NEW YORK (TheStreet) -- It's an accepted fact in the market that venture-capital firms, angel investors and private-equity firms are the participants that clean up during an IPO. Or do they? Usually when a company goes public, these are the parties that look as if they've made a bundle. The headlines shout how much a small investment has paid off. It makes the average investor feel as if he didn't get the same opportunity for the big payday.
When Facebook (FB) went public, some of the hype generated was due to the parade of early investors that made millions on their relatively small investments. This made small investors figure it was a deal they wanted to get in on. If the smart money liked it, it must be good; if they made millions, so will I.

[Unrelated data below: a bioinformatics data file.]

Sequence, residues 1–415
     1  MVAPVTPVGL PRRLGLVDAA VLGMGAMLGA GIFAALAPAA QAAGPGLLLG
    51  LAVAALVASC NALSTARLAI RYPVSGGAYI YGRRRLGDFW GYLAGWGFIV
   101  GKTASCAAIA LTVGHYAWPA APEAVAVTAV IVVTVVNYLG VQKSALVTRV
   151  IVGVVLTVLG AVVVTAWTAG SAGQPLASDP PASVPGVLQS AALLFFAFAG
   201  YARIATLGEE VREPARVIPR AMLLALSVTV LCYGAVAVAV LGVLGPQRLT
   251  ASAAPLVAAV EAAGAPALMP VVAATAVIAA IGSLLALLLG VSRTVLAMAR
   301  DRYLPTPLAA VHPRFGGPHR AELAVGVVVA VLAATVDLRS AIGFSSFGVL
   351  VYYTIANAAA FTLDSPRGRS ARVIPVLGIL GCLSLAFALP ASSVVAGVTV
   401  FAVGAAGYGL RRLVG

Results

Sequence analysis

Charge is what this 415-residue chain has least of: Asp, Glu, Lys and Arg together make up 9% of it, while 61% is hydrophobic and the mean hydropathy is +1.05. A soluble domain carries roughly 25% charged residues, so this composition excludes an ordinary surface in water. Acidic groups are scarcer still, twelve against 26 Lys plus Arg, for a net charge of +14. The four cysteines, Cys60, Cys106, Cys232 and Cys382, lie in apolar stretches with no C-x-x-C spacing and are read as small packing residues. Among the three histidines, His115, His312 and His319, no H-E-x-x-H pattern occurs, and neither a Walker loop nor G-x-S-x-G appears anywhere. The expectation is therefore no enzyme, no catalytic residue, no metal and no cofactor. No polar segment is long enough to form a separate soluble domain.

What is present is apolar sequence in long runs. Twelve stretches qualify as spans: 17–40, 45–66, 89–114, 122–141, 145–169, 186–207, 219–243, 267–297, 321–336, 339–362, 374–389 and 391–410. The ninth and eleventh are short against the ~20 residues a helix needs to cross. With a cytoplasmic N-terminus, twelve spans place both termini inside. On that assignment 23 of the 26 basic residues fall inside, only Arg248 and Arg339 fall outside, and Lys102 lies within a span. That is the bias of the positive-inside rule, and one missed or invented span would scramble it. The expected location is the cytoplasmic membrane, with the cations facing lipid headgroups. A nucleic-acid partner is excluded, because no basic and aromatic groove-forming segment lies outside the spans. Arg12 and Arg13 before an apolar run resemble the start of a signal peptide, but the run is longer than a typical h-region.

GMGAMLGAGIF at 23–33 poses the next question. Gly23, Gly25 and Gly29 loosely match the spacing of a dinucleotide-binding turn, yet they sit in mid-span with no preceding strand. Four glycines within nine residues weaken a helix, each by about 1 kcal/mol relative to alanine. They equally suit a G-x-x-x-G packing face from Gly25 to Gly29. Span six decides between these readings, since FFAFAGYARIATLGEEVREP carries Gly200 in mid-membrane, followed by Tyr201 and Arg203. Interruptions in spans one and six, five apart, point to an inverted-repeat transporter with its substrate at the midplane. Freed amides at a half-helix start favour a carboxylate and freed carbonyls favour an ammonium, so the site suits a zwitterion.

The facts, however, contradict the myth. It turns out that venture-cap returns haven't significantly outperformed the market since the late 1990s, according to a study by the Kaufman Foundation. Since 1997, less cash has been returned to investors than has been invested. Only four of 30 venture-cap funds with over $400 million in committed capital delivered better returns than a publicly traded small-cap common stock index.Kaufman analyzed 100 different funds and found that a majority of the funds -- 62 out of 100 -- failed to exceed returns that investors could have gotten in the public market after fees and carry costs were paid. Fees are a sticky subject. Typically VCs earn 2% per year for a management fee for the first five years of a fund. On top of that, they also take 20% of the profits of each deal when it is sold; this is commonly known as the 2 and 20. Most people believe that VCs are paid by performance. However, two different studies determined that they earn one-half to two-thirds of their revenue from the management fees -- essentially making them very handsomely paid asset managers. If the VCs are so good at making sweet deals like Facebook, then why, a smart investor might ask, are they so dependent on these fixed fees?
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